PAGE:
Code of ethics for bloggers

Apparently there is one from Cyberjournalist.net. They promote very basic ideals of fairness, accuracy, and accountability. This means, like journalists, bloggers need to be aware of these general principles to become better bloggers. Like journalists, they also need to pay special attention to what they write, citing sources correctly, for one.

I’ve taken the liberty to post the full version on this blog (I hope they don’t mind as this is more for educational purposes):

  • Be Honest and Fair
    Bloggers should be honest and fair in gathering, reporting and interpreting information.
    Bloggers should:
    • Never plagiarize.
    • Identify and link to sources whenever feasible. The public is entitled to as much information as possible on sources’ reliability.
    • Make certain that Weblog entries, quotations, headlines, photos and all other content do not misrepresent. They should not oversimplify or highlight incidents out of context.
    • Never distort the content of photos without disclosing what has been changed. Image enhancement is only acceptable for for technical clarity. Label montages and photo illustrations.
    • Never publish information they know is inaccurate — and if publishing questionable information, make it clear it’s in doubt.
    • Distinguish between advocacy, commentary and factual information. Even advocacy writing and commentary should not misrepresent fact or context.
    • Distinguish factual information and commentary from advertising and shun hybrids that blur the lines between the two.
  • Minimize Harm
    Ethical bloggers treat sources and subjects as human beings deserving of respect.
    Bloggers should:
    • Show compassion for those who may be affected adversely by Weblog content. Use special sensitivity when dealing with children and inexperienced sources or subjects.
    • Be sensitive when seeking or using interviews or photographs of those affected by tragedy or grief.
    • Recognize that gathering and reporting information may cause harm or discomfort. Pursuit of information is not a license for arrogance.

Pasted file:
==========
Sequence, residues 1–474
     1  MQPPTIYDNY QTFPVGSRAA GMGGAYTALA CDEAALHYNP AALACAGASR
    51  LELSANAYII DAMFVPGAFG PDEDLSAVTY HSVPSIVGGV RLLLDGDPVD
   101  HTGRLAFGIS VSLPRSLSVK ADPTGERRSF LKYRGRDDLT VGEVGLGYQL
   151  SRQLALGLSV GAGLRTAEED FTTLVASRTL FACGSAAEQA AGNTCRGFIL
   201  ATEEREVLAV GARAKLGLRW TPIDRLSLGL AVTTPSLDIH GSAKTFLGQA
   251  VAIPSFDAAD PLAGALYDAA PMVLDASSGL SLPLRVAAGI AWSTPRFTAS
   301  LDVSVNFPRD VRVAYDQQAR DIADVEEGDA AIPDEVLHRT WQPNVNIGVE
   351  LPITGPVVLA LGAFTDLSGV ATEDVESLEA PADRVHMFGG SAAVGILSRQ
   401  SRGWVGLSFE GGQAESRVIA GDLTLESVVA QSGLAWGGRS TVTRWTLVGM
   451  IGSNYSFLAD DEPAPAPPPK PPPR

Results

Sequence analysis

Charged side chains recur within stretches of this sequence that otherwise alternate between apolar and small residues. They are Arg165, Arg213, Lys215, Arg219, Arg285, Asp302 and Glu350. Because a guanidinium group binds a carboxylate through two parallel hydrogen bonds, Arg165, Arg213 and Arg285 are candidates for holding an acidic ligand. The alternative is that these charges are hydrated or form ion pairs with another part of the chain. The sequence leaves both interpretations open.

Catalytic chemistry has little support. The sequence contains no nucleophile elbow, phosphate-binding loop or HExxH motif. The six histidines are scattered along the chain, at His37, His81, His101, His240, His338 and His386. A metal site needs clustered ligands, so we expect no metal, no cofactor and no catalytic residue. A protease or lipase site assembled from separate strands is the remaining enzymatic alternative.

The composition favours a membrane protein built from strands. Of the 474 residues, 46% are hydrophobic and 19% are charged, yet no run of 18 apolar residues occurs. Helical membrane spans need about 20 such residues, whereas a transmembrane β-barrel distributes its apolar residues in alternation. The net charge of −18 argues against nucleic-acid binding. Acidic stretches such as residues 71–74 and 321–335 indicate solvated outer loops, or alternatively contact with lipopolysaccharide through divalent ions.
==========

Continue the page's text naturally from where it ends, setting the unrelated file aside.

• Recognize that private people have a greater right to control information about themselves than do public officials and others who seek power, influence or attention. Only an overriding public need can justify intrusion into anyone’s privacy.
    • Show good taste. Avoid pandering to lurid curiosity.
    Be cautious about identifying juvenile suspects, victims of sex crimes and criminal suspects before the formal filing of charges.
  • Be Accountable
    Bloggers should:
    • Admit mistakes and correct them promptly.
    • Explain each Weblog’s mission and invite dialogue with the public over its content and the bloggers’ conduct.
    • Disclose conflicts of interest, affiliations, activities and personal agendas.
    • Deny favored treatment to advertisers and special interests and resist their pressure to influence content. When exceptions are made, disclose them fully to readers.
    • Be wary of sources offering information for favors. When accepting such information, disclose the favors.
    • Expose unethical practices of other bloggers.
    • Abide by the same high standards to which they hold others.

According to the website, CyberJournalist.net is “a news and resource site that focuses on how the Internet, convergence and new technologies are changing the media. Jonathan Dube, online and print journalist, started this website in 2000.

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Erwin Oliva

Putting a dent on the universe one day at a time